THE REPUBLIC OF UGANDA
IN THE HIGH COURT OF UGANDA HOLDEN AT JINJA
CIVIL APPEAL NO. 096 OF 2014
BEFORE HONOURABLE JUSTICE EVA LUSWATA
The appellant through his lawyers Baruga Associated Advocates filed this appeal against the decision of Her Worship Joy. K. Bahinguza, Chief Magistrate Mukono, delivered on 24/9/2014 on the following grounds;
- The learned trial magistrate erred in law and fact when she misconstrued a judicial separation to be a divorce.
- The learned trial magistrate erred in law and fact when she failed to properly evaluate the evidence before her which resulted into a gross miscarriage of justice to the respondent and the children.
- The learned trial magistrate erred in law and fact when she did not consider the substantiality of the DNA evidence produced in court that led to her erroneous decision and orders against the appellant.
- The learned trial magistrate erred in law when she erroneously ordered custody of only four children of the five to the petitioner, disregarding the youngest.
- The learned trial magistrate erred in law and fact when she ordered all the matrimonial property including their matrimonial home to be sold without considering the welfare principal
Facts of the appeal
The facts of appeal as gathered from the judgment can be briefly stated as follows;
The parties to the appeal were lawfully married on 1/3/1992, at St. Stephens Church of Uganda Nsambya in Kampala District. During the subsistence of the marriage they were blessed with the following issues:
- Michael Kasingye.
- Mathew Murungi
- Martha Mildred Ninsima.
- Maria Magdalene Tuhirirwe.
They lived together first at Nsambya Railway Quarters and subsequently, in their matrimonial home at Nasuti Mukono Town Council. The respondent then sought an Order for judicial separation on grounds of cruelty, including failing to provide maintenance and physical assault, desertion of the matrimonial bed, and denial of conjugal rights. She in addition sought for an Order of maintenance and custody of the couple’s children.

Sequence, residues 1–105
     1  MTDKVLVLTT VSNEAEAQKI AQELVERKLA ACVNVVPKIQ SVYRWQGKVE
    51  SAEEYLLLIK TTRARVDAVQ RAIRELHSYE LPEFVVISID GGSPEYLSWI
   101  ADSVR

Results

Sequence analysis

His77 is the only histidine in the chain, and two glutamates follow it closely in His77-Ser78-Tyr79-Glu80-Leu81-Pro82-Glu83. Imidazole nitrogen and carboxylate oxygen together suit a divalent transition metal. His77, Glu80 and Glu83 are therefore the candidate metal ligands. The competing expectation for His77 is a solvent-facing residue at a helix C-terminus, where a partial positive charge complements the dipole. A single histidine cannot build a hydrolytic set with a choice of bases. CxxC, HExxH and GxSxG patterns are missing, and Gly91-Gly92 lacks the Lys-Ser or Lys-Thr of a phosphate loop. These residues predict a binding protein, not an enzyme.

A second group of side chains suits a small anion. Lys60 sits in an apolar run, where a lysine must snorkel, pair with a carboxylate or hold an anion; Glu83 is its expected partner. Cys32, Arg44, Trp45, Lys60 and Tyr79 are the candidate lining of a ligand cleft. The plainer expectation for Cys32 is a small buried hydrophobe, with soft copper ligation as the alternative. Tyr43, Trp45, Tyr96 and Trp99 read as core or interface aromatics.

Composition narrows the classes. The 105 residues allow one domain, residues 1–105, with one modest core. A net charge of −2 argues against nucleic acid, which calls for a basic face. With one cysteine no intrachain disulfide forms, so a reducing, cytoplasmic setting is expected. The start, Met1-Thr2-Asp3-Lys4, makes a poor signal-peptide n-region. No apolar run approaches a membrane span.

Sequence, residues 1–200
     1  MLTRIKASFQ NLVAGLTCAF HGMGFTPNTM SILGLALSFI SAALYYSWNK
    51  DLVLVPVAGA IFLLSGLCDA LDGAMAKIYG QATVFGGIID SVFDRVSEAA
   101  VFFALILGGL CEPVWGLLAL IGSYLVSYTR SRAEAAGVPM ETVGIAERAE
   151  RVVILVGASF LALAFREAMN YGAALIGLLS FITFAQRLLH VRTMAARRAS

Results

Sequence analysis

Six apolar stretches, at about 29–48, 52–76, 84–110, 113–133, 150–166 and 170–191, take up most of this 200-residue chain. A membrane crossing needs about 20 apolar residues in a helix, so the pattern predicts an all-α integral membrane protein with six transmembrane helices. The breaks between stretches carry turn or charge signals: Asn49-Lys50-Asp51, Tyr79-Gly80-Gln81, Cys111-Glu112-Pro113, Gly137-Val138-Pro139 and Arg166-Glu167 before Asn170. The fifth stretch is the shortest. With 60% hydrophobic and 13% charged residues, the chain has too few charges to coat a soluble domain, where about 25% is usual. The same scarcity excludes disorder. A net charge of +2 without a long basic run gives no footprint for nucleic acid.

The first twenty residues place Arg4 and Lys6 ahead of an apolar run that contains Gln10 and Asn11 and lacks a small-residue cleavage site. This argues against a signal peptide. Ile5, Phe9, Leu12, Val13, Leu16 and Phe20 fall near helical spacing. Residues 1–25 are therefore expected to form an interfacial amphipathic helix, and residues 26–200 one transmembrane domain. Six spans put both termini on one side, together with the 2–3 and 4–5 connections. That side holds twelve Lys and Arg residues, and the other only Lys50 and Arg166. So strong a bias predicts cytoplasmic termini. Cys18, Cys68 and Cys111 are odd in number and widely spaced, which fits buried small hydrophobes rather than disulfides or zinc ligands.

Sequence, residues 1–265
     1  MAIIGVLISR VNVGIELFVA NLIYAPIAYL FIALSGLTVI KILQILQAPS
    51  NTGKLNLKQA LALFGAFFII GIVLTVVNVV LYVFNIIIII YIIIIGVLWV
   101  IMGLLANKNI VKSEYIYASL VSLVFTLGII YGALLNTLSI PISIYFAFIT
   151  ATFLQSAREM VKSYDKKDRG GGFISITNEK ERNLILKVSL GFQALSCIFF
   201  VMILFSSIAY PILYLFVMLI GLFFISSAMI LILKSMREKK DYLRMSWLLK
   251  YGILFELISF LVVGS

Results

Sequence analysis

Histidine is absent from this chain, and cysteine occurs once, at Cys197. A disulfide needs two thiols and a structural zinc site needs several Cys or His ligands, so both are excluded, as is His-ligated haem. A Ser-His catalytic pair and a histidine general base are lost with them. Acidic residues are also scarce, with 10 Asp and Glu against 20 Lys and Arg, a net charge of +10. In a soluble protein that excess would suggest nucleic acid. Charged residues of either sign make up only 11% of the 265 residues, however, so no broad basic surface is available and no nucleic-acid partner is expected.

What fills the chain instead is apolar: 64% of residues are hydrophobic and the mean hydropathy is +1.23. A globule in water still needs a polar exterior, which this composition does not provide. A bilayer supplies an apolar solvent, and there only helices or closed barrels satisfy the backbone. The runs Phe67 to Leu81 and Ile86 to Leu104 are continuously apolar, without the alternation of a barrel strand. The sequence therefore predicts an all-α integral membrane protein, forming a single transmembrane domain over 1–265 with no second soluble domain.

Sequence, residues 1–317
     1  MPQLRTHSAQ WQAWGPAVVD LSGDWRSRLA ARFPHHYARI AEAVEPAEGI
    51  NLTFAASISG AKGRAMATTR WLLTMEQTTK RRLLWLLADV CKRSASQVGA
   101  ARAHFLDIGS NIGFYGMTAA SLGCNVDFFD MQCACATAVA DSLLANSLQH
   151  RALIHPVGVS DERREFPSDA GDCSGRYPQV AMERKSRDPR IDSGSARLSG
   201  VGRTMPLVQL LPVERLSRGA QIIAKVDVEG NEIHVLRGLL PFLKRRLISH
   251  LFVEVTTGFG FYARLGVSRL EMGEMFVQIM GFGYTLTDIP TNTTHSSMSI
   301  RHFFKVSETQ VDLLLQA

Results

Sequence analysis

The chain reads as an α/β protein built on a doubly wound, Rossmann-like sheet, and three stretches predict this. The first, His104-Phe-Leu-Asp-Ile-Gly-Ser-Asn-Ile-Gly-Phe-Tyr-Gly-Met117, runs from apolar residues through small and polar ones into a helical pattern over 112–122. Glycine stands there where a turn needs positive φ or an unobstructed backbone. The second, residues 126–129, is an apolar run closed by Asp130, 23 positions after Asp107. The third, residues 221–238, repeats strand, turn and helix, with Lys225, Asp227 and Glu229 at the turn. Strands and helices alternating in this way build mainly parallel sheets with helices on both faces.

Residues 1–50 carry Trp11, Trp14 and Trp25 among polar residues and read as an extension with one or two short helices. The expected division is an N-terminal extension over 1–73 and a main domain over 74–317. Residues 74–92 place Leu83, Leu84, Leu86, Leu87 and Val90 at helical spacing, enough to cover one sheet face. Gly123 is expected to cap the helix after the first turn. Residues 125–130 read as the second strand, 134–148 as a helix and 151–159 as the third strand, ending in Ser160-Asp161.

The appellant (the respondent in the lower court) denied all conjugal offences and in a cross petition, asserted adultery against the respondent, with allegations of a female child conceived outside wedlock. He then sought orders for a finding by the Court that the respondent was guilty of desertion, and costs.
In her decision, the trial Magistrate reframed the issues. She came to the conclusion that the marriage had irretrievably broken down, and ordered it terminated. She granted custody of the issues of the marriage to the respondent and ordered the sale of the matrimonial home with each party taking an equal share in it and any other properties jointly owned. She in addition dismissed the appellant’s cross petition and ordered each party to bear their costs of the petition and cross petition. There was no appeal against dismissal of the cross petition.
The appellant being dissatisfied with that decision lodged this appeal on the grounds. I have stated above.
The duty of the 1st Appellate Court:
The duty of the first appellate court were well stated in the decision of Kifamunte Henry Vs Uganda, SC, (Cr) Appeal No. 10 of 2007, it was held that:
‘’…the first appellate court has a duty to review the evidence of the case and to reconsider the materials before the trial judge. The appellate court must then makeup its own mind not disregarding the judgment appealed from but carefully weighing and considering it…’’
I will accordingly be guided by the above principles.
Resolutions of the grounds of appeal.
I will resolve ground 1 and 2 concurrently.
The learned trial magistrate erred in law and fact when she misconstrued a judicial separation to be a divorce.
The learned trial magistrate erred in law and fact when she failed to properly evaluate the evidence before her which resulted into a gross miscarriage of justice to the respondent and the children.
The main bone of contention in the first ground is that the Magistrate granted a divorce where none was pleaded. According to the appellant’s counsel, she ignored the issues agreed upon at the scheduling conference and instead considered those ‘smuggled’ into the submissions by the respondent’s counsel. That she as a result, misconstrued a prayer for a decree of separation for one of termination which resulted into a miscarriage of justice.
Respondent’s counsel agreed that new issues were considered by the Court but that the Court is empowered to frame, settle or determine issues in a suit. That although the issue of dissolution of the marriage by divorce was never specifically framed, it was raised as a preliminary point of law in the appellant’s final submissions when contesting the legality of the marriage. That notwithstanding that new issues were considered in the judgment, the Magistrate evaluated the central issues and resolved the dispute between the parties as she did and came to the conclusion that grounds of a divorce had been proved.
An Order for divorce and that of judicial separation are independently provided for under the Divorce Act Cap 249(Section 4(2) and 14 respectively). For each, cruelty, adultery and /or desertion can be grounds. However, the resultant order of the Court signifies different remedies and consequences of the marriage.